Today, the United States of America honors the legacy of Dr. Martin Luther King Jr., a man who fought for justice and equality within our nation. King was assassinated in Memphis on April 4, 1968, and the next day Gregg Allman wrote a song that coped with the loss and contemplated the terrifying truths of the Civil Rights Movement—a subject with which he was quite familiar as a member of an integrated band in the American South. The song, “God Rest His Soul”, never appeared on an official Allman Brothers record, though it was included on 1972’s Duane & Gregg Allman as well as 1997 Gregg Allman anthology One More Try.

On MLK Day 2016, Allman reminded his fans of the emotional tribute in a social media post. Along with the song’s lyrics, the post included a note from Gregg about the significance of “God Rest His Soul”.

“I wrote this song for a courageous man named Dr. Martin Luther King, Jr. the day after he was assassinated on April 04, 1968,” he explained. “It’s a shame this song is still relevant today, although I’m grateful to the men and women who continue to fight for justice and equality.” Listen to Gregg Allman’s MLK tribute, “God Rest His Soul”, and read the song’s powerful lyrics below:

Gregg Allman – “God Rest His Soul”

Gregg Allman – “God Rest His Soul” – Lyrics

A man lay dying in the street
A thousand people fell down on their knees
Any other day he would have been preaching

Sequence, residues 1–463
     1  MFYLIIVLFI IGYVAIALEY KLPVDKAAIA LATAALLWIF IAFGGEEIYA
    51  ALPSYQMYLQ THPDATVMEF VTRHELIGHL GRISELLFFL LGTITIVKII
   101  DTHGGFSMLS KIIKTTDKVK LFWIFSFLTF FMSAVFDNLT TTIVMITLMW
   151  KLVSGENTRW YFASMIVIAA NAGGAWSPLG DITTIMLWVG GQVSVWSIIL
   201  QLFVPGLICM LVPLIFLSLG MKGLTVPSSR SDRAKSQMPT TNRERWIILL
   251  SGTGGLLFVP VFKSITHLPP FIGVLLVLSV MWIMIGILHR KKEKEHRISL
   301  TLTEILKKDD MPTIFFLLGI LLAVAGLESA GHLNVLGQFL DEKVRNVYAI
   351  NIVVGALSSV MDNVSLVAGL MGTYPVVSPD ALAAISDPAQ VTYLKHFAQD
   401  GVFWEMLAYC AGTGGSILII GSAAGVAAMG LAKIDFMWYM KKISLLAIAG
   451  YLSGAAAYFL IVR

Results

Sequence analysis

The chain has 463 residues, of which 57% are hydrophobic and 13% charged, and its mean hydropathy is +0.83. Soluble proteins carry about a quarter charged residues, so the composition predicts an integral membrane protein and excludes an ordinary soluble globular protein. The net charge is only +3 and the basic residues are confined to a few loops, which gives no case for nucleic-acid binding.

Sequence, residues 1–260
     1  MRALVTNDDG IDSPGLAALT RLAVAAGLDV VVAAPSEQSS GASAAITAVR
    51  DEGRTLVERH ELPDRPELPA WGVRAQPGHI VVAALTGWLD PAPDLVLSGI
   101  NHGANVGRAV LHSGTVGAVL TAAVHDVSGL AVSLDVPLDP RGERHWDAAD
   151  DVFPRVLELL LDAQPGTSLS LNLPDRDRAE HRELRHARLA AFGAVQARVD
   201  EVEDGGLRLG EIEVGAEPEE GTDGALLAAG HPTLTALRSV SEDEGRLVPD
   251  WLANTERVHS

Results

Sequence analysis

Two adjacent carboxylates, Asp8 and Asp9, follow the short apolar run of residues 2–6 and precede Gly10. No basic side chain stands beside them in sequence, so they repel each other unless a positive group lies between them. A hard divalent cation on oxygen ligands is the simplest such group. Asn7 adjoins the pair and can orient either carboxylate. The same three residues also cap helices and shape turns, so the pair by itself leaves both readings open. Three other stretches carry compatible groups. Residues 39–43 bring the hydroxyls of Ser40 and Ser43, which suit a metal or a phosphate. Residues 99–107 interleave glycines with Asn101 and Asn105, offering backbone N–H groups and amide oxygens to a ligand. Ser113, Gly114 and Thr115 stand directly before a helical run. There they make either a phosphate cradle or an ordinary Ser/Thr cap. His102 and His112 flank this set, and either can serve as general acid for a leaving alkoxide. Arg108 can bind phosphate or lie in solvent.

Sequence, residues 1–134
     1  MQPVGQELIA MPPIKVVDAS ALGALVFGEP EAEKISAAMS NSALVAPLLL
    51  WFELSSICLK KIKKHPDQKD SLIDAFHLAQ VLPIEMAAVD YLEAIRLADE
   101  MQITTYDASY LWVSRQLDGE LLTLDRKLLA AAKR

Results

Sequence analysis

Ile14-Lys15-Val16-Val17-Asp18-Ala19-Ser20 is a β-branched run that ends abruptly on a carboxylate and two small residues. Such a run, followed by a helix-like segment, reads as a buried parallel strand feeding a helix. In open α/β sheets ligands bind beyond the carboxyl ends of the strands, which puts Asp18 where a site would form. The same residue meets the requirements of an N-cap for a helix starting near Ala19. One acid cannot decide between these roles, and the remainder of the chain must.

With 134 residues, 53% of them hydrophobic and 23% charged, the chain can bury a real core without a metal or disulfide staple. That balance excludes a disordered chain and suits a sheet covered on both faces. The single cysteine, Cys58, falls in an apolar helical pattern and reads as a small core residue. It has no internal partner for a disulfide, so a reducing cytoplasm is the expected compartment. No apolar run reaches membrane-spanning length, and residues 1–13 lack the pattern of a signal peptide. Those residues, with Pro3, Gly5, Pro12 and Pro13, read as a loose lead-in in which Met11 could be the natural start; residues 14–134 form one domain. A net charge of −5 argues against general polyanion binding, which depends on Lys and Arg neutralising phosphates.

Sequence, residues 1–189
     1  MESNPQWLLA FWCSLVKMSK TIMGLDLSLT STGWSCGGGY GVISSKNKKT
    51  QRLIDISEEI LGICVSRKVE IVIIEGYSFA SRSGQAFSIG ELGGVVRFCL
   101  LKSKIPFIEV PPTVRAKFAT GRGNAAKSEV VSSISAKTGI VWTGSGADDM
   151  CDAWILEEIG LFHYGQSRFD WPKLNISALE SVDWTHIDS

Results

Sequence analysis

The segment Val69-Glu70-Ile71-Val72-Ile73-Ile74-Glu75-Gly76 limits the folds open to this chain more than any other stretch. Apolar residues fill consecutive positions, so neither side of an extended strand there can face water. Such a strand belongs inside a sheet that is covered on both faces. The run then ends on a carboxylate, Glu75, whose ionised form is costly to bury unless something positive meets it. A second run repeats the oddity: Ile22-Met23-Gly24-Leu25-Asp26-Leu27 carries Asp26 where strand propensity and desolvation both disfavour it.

Reaching all the people there, oh, Lord, Lord

But Lord knows I can’t change what I saw
I say, “God rest his soul”

The Memphis battleground was red
‘Cause blood came pouring from his head
Women and children fallin’ down, crying
For the man they loved so well, Lord, Lord, Lord

But Lord knows I can’t change what I saw
I say, “God rest his soul”

Lord knows I can’t change what I saw
I say, “God rest his soul”

The morning sun will rise again
With all their patience growing thin
What we gonna do when war is come and we’re dying?
Dying for the ’cause I know

Yeah, but, Lord knows I can’t change what I saw
I say, “God rest his soul”

Related: Remembering Gregg Allman With A “Whipping Post” From Every Decade [Videos]

The Allman Brothers Band rose to fame during a period of widespread racial tension in Macon, GA in the ’60s and ’70s and experienced racial prejudice firsthand as an interracial southern rock band. The band members even landed in jail one fateful night as a result of a racially-charged altercation in the Deep South. Read the full account of what happened that night, as told by Butch Truckshere.

[Pictured (clockwise from top left): Berry Oakley, Gregg Allman, Butch Trucks, Dickey Betts, Duane Allman (center). Jaimoe not pictured because jails were segregated in this part of the country in 1971]

Racism and systemic inequality persist in our country today, but we must strive to move closer to what Dr. Martin Luther King Jr. dreamed of with every step.

[Originally published January 2016]